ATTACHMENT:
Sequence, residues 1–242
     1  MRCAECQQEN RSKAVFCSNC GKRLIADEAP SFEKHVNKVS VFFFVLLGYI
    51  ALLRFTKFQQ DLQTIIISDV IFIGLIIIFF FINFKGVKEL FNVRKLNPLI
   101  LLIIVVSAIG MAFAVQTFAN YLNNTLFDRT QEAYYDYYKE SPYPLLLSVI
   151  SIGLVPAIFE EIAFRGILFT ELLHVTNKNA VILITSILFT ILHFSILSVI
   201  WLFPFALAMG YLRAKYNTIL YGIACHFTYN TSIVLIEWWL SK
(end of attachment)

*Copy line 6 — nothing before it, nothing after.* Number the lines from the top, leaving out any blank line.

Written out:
   201  WLFPFALAMG YLRAKYNTIL YGIACHFTYN TSIVLIEWWL SK